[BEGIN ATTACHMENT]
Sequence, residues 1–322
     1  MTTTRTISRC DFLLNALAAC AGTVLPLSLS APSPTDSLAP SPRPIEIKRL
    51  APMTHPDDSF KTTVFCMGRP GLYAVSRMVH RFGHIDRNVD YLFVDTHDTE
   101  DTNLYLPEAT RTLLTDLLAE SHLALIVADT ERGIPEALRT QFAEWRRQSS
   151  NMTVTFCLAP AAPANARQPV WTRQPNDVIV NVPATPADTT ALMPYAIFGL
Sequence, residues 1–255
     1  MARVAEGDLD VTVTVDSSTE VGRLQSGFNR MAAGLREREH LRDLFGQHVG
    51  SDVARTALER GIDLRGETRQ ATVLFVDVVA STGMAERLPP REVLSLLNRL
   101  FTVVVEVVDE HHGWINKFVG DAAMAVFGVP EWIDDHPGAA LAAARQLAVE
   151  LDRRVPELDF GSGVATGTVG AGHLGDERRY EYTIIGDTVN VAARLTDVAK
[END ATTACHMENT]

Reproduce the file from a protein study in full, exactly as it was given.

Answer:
Sequence, residues 1–322
     1  MTTTRTISRC DFLLNALAAC AGTVLPLSLS APSPTDSLAP SPRPIEIKRL
    51  APMTHPDDSF KTTVFCMGRP GLYAVSRMVH RFGHIDRNVD YLFVDTHDTE
   101  DTNLYLPEAT RTLLTDLLAE SHLALIVADT ERGIPEALRT QFAEWRRQSS
   151  NMTVTFCLAP AAPANARQPV WTRQPNDVIV NVPATPADTT ALMPYAIFGL
Sequence, residues 1–255
     1  MARVAEGDLD VTVTVDSSTE VGRLQSGFNR MAAGLREREH LRDLFGQHVG
    51  SDVARTALER GIDLRGETRQ ATVLFVDVVA STGMAERLPP REVLSLLNRL
   101  FTVVVEVVDE HHGWINKFVG DAAMAVFGVP EWIDDHPGAA LAAARQLAVE
   151  LDRRVPELDF GSGVATGTVG AGHLGDERRY EYTIIGDTVN VAARLTDVAK